Rhode Island State Estate Tax
Rhode Island residents are subject to an estate tax for estates of more than $1,537,656. This tax falls on the estate of the person who died, the beneficiaries or heirs inherit what's left. (There is no inheritance tax in Rhode Island; that kind of tax falls on the heirs and beneficiaries, not on the estate of the person who died.) The maximum Rhode Island estate tax rate is 16%, which is significantly lower than the maximum federal estate tax rate of 40%.
This state estate tax is in addtion to the federal estate tax. The federal estate tax falls on the estate of the person who died, not on the people who inherit that property. The federal tax has an exemption of $10 million, which is indexed to inflation and is currently $11,400,000, and only estates larger than that exemption have to pay estate tax. It's estimated that only the richest .14% of Americans will be subject to the estate tax at all, or only two out of every 1,000 people who die.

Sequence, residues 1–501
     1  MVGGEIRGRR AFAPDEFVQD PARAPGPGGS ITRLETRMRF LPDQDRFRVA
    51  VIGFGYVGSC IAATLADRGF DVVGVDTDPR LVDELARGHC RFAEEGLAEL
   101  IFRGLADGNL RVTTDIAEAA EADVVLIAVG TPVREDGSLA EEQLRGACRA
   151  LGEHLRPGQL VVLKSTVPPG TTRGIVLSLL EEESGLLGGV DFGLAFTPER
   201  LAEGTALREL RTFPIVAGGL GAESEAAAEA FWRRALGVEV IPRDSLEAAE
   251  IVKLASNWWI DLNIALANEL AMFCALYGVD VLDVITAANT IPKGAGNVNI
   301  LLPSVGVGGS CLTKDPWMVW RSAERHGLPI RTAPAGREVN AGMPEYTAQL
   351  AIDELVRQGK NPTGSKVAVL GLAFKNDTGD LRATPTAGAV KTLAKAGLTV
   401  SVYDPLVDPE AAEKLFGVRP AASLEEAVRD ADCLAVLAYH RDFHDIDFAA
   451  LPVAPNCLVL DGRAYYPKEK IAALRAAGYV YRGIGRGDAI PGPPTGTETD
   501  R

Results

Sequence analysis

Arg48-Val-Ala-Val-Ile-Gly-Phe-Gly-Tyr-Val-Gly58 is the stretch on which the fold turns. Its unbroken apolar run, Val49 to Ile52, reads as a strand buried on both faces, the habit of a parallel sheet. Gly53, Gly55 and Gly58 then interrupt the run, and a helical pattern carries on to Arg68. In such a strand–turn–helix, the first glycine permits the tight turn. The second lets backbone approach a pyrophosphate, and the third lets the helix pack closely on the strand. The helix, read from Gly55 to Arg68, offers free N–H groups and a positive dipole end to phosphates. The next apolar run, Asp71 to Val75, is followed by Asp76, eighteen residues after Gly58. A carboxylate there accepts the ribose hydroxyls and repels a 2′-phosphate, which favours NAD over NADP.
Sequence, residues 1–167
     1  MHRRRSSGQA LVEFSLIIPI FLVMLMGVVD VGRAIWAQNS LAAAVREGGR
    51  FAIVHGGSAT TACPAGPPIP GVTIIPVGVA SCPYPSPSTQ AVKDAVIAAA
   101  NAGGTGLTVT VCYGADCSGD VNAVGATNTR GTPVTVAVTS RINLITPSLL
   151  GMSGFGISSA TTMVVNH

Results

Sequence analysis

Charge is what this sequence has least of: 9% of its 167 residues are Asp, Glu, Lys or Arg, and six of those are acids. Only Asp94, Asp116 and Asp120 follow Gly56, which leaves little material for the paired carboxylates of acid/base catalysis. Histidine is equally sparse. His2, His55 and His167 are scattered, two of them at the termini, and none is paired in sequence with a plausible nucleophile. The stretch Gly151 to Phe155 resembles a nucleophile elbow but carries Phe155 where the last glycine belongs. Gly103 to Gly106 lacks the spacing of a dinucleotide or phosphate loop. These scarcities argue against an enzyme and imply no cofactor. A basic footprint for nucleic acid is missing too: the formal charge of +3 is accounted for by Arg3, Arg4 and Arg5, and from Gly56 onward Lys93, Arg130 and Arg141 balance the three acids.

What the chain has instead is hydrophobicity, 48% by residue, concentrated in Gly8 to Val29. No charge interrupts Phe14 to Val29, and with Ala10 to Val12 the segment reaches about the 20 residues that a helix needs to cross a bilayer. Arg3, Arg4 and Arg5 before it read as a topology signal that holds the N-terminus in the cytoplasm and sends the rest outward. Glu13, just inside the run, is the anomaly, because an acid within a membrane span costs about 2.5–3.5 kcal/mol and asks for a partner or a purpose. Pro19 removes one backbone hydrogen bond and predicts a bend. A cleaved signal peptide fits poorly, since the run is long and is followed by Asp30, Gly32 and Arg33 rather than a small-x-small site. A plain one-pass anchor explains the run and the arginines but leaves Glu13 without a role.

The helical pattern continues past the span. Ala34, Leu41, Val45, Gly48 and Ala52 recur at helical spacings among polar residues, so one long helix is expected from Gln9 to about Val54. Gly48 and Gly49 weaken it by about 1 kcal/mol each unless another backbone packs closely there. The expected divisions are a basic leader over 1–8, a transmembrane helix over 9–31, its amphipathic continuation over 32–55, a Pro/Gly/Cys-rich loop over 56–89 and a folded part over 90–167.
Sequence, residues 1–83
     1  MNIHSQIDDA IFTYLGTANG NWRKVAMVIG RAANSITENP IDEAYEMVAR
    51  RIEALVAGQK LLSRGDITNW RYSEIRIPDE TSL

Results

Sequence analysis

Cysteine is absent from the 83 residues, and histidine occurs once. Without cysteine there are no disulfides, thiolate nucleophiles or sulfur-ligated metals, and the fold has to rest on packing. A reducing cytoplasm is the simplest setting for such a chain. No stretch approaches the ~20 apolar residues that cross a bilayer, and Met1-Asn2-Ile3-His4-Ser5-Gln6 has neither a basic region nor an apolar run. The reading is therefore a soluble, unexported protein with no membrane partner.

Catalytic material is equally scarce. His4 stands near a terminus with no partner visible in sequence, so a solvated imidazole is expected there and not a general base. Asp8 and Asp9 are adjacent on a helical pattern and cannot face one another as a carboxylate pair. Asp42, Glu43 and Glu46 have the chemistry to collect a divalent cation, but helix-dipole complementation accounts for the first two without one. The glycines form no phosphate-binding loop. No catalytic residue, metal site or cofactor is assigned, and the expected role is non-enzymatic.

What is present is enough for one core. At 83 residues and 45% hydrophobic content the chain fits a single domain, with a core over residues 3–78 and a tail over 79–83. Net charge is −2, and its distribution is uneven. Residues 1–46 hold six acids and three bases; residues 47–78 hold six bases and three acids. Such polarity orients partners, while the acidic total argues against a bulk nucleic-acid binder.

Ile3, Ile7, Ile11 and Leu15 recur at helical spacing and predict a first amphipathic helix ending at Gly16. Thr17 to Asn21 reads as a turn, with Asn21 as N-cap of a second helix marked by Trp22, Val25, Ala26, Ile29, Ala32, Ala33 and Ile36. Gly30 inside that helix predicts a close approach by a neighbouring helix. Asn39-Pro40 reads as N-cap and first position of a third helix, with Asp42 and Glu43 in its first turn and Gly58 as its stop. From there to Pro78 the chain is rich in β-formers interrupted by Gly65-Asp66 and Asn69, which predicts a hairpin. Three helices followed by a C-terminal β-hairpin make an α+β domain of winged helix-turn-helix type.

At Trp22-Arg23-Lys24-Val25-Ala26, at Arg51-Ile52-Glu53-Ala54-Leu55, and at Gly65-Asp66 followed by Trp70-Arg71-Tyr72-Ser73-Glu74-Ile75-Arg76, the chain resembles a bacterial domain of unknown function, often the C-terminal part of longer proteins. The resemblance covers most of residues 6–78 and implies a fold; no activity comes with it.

If someone dies in Rhode Island with less than the federal exemption amount (currently $11,400,000), their estate doesn't owe any federal estate tax, and if someone dies in Rhode Island with an estate worth less than $1.53 million, there is no Rhode Island estate tax, either. The heirs and beneficiaries inherit the property free of tax. They don't pay income tax on it, either, because inherited property is not ordinary income. The only exception to this are inherited retirement accounts, which are subject to income tax as the assets are withdrawn.
More information about Rhode Island’s estate tax can be found at the Department of Revenue’s website.
You may also be interested in:
There are several different taxes that need to be filed after there's been a death. Learn more about which taxes to file and how to file them.
Each state has its own rules about probate. Find out how they do it in Rhode Island.
When beneficiaries inherit assets, those assets generally receive what's called a "step up"in basis. Understand how this saves beneficiaries taxes on appreciated assets.